The fifth song on the self-titled first album by the Canadian band Rush. Words and music by Geddy Lee and Alex Lifeson. John Rutsey on drums, Lifeson on guitar and Lee on bass and lead vocals.

This song has that hard rock feel, with strong guitar and straightforward rhythm. What, at first glance, appears to be an ordinary structure is found to be actually complicated. The first, second, fourth and fifth stanzas have a very simple AABB rhyme pattern (with an extra "now" thrown onto the last line in stanzas four and five). The chorus (third, fifth and eighth stanzas) has an AABA pattern. The seventh stanza follows an ABAB pattern.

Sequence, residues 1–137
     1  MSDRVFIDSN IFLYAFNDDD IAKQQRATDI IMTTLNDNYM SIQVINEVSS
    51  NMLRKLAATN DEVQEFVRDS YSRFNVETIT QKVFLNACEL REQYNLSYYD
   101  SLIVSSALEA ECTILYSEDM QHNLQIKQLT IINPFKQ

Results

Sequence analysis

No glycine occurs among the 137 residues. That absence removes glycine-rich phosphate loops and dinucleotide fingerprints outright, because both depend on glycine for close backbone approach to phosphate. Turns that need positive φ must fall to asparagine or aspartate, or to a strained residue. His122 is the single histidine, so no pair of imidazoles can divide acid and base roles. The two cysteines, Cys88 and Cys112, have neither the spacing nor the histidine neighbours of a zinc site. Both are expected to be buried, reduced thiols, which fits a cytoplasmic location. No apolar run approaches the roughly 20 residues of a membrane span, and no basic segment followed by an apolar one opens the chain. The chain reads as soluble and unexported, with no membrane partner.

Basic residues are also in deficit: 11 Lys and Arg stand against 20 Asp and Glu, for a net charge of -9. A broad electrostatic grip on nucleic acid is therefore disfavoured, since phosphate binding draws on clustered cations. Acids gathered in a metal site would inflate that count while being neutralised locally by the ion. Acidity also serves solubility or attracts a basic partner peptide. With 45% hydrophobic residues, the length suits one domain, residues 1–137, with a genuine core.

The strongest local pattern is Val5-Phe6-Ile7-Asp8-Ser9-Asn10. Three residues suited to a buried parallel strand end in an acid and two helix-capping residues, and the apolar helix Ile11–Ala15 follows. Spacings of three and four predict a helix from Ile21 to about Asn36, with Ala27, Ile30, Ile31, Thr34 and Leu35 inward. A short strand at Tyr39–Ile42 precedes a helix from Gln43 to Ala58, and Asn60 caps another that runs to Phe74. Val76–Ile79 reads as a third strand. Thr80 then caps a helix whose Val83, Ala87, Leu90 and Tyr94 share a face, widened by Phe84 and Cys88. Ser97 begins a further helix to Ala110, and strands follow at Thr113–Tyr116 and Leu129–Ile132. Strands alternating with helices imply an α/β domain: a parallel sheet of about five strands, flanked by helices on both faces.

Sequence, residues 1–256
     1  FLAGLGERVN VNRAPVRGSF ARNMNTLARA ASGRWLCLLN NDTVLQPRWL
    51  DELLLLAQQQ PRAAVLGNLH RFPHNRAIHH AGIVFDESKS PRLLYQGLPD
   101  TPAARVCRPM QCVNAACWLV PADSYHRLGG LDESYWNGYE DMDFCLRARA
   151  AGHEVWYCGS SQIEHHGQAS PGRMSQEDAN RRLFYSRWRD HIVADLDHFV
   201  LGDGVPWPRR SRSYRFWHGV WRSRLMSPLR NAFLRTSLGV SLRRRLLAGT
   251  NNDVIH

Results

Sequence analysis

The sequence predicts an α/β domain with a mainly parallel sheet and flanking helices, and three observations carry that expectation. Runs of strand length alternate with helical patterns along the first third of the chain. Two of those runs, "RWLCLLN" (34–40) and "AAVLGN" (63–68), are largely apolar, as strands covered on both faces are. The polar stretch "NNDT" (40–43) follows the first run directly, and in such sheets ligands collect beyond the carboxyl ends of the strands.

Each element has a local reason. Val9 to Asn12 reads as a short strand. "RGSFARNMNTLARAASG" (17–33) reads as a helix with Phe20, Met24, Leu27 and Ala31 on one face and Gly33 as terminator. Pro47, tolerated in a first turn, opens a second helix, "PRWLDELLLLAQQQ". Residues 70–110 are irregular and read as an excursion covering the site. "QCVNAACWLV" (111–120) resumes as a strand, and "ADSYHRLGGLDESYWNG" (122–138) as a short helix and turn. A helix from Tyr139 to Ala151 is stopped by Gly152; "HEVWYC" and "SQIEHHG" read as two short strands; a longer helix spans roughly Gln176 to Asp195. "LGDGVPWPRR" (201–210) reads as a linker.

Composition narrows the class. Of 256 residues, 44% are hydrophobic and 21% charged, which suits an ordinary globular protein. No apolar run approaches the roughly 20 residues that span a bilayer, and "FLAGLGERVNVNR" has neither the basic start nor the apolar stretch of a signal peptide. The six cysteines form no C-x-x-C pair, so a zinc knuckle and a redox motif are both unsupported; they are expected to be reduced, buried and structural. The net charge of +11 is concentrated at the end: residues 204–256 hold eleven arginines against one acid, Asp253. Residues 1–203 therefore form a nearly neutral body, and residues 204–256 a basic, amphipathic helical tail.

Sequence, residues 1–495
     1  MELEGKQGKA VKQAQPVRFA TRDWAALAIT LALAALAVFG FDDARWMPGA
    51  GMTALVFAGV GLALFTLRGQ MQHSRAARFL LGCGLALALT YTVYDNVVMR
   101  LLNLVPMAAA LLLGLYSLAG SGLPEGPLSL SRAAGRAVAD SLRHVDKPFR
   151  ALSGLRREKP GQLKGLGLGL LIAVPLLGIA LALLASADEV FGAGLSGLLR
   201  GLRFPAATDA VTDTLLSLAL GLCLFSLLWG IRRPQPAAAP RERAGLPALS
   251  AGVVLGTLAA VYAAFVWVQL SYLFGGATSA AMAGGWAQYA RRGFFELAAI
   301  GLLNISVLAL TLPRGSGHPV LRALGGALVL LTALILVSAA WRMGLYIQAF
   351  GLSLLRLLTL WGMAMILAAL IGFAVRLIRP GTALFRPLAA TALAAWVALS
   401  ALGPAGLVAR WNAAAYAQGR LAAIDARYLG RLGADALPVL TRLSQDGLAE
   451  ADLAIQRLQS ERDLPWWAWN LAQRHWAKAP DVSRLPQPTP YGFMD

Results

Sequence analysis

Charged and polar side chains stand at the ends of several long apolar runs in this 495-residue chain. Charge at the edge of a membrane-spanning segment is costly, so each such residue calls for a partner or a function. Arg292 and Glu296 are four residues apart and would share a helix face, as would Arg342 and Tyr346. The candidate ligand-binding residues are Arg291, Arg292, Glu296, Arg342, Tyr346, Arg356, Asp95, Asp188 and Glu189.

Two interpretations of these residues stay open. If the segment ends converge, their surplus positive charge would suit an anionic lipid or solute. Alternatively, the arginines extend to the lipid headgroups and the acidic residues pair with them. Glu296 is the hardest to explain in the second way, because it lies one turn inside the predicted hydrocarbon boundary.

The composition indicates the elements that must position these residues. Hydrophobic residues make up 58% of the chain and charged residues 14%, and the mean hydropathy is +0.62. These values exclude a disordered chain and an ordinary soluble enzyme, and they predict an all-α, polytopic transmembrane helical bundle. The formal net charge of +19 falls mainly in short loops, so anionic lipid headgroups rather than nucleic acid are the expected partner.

The lyrics are angry and direct. A bully or boss ("mister") is addressed by the singer on behalf of a group of rebellious people. The boss has been trying to control things ("try'n' to run the town") and this has caused a lot of frustration and resentment among the people ("Who do you think you are?" and "Why'd you have to make us so uptight?"). Finally, the singer challenges the boss ("you say you've been try'n'/ you know that you're ly'n'"), sets down some new rules ("you better start changin'/ better do some talkin'), before uttering the threat that the people are not going to accept the old treatment any longer ("or you better do some walkin'"). The seventh stanza (the one with the oddball rhyming pattern) reflects this change and the line "you been feelin' long" seems to indicate that the people don't care what the boss feels, but they have waited long enough (or too long?) for improvement.

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